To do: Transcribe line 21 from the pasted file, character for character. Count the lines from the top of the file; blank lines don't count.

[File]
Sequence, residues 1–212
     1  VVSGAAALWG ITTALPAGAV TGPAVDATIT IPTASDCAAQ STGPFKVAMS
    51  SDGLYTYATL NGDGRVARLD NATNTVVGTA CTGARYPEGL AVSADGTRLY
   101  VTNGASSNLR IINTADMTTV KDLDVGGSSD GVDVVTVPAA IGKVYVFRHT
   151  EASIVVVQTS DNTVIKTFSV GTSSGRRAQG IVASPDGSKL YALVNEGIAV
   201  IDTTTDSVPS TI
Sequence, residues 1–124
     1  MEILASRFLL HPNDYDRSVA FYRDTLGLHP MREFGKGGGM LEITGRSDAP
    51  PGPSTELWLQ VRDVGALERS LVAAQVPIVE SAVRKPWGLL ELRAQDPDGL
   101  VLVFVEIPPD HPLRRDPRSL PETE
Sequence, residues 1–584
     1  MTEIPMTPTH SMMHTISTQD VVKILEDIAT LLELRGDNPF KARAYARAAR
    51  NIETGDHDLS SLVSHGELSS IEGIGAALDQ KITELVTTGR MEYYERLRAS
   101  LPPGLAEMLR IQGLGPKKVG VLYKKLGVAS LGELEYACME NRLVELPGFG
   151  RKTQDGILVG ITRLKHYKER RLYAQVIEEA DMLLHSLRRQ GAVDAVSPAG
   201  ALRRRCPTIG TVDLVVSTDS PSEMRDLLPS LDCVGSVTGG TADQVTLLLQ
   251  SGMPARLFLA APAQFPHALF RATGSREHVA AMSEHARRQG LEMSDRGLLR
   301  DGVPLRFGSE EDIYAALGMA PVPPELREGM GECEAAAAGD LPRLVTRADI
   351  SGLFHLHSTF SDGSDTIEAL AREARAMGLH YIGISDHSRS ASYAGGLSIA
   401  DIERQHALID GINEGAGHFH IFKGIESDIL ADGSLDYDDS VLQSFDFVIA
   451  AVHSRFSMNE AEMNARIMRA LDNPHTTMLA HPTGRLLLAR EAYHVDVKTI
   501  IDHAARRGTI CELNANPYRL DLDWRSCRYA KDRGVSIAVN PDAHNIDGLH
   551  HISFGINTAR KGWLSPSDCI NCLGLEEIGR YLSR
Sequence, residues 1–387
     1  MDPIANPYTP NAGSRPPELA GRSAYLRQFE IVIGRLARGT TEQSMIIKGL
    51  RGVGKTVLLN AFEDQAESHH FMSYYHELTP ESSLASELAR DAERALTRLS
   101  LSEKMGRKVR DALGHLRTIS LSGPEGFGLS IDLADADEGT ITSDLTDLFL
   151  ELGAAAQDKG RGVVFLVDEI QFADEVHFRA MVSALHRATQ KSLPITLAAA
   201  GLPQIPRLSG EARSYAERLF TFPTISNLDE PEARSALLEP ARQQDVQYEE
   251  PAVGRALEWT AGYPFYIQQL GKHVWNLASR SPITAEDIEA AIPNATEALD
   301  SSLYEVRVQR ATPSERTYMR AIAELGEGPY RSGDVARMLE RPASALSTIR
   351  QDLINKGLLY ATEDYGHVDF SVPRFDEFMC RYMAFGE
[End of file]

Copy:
   451  AVHSRFSMNE AEMNARIMRA LDNPHTTMLA HPTGRLLLAR EAYHVDVKTI